“Meatless Monday” implemented by Los Angeles city council
After a unanimous 14-0 Los Angeles city council vote last week, the LA city council has declared a war on trans-fats by implementing a “meatless Monday.” The initiative was described by the LA city council as a means to publicise its campaign targeting ongoing weight-related health issues, and to “benefit the environment.”
Although it will not be illegal to consumer meat on Mondays, the LA city council has urged residents to eat vegetarian food on the first day of every week. Despite a lack of enforcement, the adopted initiative could have tangible effects including the reduction in price of vegetarian goods at the start of the week.
LA chef Mario Batali has already vowed that “meatless Monday” will run in all fourteen of his Los Angeles restaurants, with others expected to follow suit.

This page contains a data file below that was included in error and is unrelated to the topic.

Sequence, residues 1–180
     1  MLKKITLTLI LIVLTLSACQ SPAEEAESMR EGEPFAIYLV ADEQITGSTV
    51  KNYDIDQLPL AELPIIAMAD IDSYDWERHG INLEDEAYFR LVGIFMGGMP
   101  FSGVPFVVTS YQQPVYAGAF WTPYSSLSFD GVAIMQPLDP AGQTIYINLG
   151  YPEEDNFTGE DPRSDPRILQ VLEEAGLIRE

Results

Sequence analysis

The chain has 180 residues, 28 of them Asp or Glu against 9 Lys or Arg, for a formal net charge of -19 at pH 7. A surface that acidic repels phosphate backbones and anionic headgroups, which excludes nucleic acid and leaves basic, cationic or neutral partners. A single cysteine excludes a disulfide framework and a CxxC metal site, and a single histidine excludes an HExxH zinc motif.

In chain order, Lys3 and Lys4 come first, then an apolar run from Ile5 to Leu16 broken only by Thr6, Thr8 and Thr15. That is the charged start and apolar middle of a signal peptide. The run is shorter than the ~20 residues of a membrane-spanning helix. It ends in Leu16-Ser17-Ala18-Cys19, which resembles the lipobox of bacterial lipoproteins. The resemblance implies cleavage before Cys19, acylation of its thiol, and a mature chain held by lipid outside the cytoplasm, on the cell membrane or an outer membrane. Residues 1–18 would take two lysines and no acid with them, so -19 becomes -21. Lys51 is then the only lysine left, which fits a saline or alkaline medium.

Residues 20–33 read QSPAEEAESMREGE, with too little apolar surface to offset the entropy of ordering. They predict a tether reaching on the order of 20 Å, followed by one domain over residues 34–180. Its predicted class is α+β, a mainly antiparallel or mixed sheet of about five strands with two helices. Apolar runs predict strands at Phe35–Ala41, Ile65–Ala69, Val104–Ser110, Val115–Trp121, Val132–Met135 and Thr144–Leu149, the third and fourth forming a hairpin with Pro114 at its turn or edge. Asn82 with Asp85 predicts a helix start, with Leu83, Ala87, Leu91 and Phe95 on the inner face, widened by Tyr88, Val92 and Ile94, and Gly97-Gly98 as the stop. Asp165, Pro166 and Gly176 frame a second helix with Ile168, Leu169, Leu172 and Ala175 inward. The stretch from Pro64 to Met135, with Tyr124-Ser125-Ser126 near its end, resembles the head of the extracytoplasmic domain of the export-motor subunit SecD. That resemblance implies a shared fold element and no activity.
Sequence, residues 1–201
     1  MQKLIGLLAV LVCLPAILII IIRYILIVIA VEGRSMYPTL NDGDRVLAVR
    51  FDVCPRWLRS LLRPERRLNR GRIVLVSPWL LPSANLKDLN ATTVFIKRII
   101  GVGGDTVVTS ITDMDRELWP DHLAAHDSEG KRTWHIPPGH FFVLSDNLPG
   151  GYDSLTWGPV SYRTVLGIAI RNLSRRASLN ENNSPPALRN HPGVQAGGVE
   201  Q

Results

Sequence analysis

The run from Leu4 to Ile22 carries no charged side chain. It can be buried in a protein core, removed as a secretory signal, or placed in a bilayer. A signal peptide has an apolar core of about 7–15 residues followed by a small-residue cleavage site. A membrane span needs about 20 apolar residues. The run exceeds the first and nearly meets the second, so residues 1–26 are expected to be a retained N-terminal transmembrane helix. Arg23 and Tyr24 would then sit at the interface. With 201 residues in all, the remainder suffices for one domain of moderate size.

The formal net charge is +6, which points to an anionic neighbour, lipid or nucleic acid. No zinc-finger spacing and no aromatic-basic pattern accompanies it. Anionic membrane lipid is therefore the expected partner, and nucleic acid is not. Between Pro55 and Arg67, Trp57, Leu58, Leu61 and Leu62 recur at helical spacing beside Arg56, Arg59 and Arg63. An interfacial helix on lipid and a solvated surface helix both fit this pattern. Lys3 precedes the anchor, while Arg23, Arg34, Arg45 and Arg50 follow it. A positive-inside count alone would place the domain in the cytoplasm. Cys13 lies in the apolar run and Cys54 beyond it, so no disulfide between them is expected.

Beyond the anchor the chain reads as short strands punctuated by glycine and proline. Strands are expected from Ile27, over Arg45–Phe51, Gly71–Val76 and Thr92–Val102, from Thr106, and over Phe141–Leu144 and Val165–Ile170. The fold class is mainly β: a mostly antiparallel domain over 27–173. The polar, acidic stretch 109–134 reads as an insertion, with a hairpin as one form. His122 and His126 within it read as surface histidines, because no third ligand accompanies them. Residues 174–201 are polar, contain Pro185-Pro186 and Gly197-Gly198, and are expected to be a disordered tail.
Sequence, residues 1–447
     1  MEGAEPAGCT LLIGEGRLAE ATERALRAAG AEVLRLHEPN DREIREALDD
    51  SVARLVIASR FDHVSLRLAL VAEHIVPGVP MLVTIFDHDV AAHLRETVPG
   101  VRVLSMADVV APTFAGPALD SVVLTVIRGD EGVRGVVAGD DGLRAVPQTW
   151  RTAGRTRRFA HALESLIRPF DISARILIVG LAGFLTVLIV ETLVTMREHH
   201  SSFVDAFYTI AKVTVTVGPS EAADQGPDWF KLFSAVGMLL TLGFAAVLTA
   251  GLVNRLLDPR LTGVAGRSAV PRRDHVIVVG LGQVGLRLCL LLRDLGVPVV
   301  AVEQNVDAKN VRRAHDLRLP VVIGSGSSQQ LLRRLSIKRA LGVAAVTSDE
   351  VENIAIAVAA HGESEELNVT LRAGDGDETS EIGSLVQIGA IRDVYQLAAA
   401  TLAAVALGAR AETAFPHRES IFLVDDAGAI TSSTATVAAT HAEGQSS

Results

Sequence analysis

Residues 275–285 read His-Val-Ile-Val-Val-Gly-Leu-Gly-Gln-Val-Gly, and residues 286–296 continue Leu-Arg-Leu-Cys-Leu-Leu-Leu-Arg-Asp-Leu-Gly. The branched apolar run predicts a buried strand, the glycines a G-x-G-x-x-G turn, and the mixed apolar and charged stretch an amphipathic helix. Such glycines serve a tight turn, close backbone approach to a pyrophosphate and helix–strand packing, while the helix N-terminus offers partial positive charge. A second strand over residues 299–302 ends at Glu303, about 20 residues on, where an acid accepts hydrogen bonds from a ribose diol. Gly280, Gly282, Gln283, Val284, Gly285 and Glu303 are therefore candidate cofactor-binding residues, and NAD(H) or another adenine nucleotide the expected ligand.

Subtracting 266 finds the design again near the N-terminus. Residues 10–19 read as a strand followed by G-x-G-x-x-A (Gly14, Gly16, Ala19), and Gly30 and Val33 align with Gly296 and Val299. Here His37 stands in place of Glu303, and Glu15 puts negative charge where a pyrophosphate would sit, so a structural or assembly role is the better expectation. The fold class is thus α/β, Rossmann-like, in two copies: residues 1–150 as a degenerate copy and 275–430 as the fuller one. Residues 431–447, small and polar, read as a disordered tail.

Originally started in 2003 by the John Hopkins’ Bloomberg School of Public Health in Baltimore, the non-profit health initiative “meatless Monday” aims to reduce individual meat consumption by 15 per cent.
The proposal was developed by the Food Policy Council LA, which has a goal of “creating more and better food jobs” and encouraging food companies to promote healthy foods.
Aspen in Colorado was the first American city to adopt the “meatless Monday” initiative in 2011. At the time, it was said that Monday “is typically the first day of the working week and a good day to start a healthy routine.”